Indexed on: 11 Feb '15Published on: 11 Feb '15Published in: Prostate Cancer and Prostatic Diseases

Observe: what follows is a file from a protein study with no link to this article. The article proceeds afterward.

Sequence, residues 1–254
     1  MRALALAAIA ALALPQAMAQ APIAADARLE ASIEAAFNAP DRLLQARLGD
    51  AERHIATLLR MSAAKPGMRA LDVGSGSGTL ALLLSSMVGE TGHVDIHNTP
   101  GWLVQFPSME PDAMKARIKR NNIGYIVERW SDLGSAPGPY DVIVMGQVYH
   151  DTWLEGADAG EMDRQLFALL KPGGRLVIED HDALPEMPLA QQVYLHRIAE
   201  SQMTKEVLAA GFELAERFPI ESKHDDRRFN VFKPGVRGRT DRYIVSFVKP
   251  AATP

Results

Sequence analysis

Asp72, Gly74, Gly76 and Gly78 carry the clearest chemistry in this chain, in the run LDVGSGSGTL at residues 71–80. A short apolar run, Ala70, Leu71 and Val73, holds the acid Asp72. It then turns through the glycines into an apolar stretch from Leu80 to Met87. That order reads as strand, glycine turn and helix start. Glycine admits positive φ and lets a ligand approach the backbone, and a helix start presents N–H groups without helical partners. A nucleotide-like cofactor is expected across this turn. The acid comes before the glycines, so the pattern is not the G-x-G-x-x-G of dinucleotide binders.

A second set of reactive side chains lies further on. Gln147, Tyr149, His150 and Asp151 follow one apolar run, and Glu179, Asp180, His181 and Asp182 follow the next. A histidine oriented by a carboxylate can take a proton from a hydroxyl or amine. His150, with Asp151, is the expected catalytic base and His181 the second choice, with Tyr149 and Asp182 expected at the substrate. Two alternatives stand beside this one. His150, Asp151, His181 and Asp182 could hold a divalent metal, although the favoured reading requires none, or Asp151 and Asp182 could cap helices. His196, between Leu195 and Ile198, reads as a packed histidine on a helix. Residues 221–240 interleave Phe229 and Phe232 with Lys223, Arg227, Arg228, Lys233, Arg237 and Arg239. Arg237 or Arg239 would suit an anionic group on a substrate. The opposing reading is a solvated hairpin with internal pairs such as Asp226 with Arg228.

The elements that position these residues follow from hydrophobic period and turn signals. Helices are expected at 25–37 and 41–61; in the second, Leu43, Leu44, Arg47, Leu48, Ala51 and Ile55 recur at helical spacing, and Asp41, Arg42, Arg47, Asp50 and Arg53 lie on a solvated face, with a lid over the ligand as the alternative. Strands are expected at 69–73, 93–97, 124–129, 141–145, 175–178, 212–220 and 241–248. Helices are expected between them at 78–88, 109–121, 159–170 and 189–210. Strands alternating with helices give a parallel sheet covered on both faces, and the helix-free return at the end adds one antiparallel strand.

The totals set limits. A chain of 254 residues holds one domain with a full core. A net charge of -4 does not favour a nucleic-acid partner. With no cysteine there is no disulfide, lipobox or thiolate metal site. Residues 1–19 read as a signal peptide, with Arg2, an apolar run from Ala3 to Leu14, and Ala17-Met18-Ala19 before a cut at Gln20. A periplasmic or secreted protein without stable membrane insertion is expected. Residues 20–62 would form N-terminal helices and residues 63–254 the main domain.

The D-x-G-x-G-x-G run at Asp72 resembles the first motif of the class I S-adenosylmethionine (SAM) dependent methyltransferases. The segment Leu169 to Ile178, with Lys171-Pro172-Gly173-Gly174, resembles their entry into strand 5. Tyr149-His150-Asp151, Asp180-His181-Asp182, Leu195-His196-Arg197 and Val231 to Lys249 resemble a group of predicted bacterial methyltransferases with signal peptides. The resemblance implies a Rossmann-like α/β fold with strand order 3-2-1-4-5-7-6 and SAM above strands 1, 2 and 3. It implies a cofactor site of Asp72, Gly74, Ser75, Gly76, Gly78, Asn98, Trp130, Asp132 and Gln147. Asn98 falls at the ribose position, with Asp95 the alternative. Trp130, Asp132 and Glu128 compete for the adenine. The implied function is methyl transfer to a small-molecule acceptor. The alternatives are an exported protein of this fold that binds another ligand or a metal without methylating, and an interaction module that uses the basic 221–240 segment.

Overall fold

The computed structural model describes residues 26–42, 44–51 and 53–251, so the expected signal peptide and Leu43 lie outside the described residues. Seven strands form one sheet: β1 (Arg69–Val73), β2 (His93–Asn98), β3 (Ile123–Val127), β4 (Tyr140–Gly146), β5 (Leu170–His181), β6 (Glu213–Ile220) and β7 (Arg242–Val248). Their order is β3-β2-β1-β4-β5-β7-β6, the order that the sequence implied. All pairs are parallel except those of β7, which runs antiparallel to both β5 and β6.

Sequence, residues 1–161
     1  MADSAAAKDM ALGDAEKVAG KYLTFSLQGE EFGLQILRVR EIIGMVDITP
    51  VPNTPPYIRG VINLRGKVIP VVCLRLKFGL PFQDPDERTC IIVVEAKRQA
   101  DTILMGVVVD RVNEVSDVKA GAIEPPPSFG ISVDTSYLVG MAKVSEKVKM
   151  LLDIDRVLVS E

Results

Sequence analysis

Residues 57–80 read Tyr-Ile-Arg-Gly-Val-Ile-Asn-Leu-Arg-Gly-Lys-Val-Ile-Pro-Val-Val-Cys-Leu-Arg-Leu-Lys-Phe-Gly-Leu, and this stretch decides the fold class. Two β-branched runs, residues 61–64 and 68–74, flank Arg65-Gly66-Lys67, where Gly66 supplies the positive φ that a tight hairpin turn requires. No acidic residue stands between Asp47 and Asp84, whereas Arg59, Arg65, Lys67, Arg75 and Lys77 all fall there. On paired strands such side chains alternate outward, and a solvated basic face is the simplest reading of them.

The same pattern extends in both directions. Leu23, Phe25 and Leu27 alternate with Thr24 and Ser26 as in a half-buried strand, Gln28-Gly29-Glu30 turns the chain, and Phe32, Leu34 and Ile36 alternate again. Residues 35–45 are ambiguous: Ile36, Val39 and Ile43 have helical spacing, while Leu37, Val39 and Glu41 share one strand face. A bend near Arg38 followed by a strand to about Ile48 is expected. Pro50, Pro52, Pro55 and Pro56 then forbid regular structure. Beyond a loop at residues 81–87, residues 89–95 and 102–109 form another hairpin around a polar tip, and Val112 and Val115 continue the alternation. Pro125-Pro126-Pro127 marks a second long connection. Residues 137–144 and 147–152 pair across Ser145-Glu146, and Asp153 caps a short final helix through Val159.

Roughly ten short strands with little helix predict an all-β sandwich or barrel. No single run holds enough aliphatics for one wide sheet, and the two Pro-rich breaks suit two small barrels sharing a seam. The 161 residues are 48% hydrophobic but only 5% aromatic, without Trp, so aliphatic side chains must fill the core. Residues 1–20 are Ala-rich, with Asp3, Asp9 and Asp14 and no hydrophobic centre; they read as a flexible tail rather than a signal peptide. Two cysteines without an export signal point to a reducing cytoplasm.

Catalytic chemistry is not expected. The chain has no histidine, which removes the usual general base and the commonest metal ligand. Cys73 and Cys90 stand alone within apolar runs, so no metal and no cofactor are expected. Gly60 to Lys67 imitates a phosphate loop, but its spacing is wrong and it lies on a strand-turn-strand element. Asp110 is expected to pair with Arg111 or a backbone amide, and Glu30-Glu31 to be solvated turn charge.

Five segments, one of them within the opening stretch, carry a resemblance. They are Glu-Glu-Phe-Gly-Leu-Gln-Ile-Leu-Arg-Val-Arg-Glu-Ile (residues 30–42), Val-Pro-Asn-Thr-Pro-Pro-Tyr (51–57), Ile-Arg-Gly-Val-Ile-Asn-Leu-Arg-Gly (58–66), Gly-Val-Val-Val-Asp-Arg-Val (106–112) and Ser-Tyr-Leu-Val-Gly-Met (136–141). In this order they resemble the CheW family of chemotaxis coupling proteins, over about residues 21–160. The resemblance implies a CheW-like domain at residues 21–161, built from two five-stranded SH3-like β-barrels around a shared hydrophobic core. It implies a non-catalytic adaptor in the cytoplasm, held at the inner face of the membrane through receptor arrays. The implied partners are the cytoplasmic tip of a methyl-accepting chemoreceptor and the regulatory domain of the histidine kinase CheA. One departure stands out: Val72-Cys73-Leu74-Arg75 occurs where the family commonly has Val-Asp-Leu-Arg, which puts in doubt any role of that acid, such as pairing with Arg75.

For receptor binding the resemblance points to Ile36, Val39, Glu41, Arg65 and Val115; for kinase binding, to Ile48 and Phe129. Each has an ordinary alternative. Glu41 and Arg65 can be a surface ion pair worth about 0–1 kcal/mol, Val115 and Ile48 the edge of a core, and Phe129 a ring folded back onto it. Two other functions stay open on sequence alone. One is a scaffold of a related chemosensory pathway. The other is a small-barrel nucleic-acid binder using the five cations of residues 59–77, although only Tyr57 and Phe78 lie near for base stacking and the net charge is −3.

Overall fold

Ketoconazole is a well-known CYP17-targeted systemic treatment for castration-resistant prostate cancer (CRPC). However, most of the published data has been in the pre-chemotherapy setting; its efficacy in the post-chemotherapy setting has not been as widely described. Chemotherapy-naïve patients treated with attenuated doses of ketoconazole (200-300 mg three times daily) had PSA response rate (>50% decline) of 21-62%. We hypothesized that low-dose ketoconazole would likewise possess efficacy and tolerability in the CRPC post-chemotherapy state.Men with CRPC and performance status 0-3, adequate organ function and who had received prior docetaxel were treated with low-dose ketoconazole (200 mg orally three times daily) and hydrocortisone (20 mg PO qAM and 10 mg PO qPM) until disease progression. Primary endpoint was PSA response rate (>50% reduction from baseline) where a rate of 25% was to be considered promising for further study (versus a null rate of <5%); 25 patients were required. Secondary endpoints included PSA response >30% from baseline, progression-free survival (PFS), duration of stable disease and evaluation of adverse events (AEs).Thirty patients were accrued with median age of 72 years (range 55-86) and median pre-treatment PSA of 73 ng ml(-1) (range 7-11,420). Twenty-nine patients were evaluable for response and toxicity. PSA response (>50% reduction) was seen in 48% of patients; PSA response (>30% reduction) was seen in 59%. Median PFS was 138 days; median duration of stable disease was 123 days. Twelve patients experienced grade 3 or 4 AEs. Of the 17 grade 3 AEs, only 3 were attributed to treatment. None of the two grade 4 AEs were considered related to treatment.In docetaxel pre-treated CRPC patients, low-dose ketoconazole and hydrocortisone is a well-tolerated, relatively inexpensive and clinically active treatment option. PSA response to low-dose ketoconazole appears historically comparable to that of abiraterone in this patient context. A prospective, randomized study of available post-chemotherapy options is warranted to assess comparative efficacy.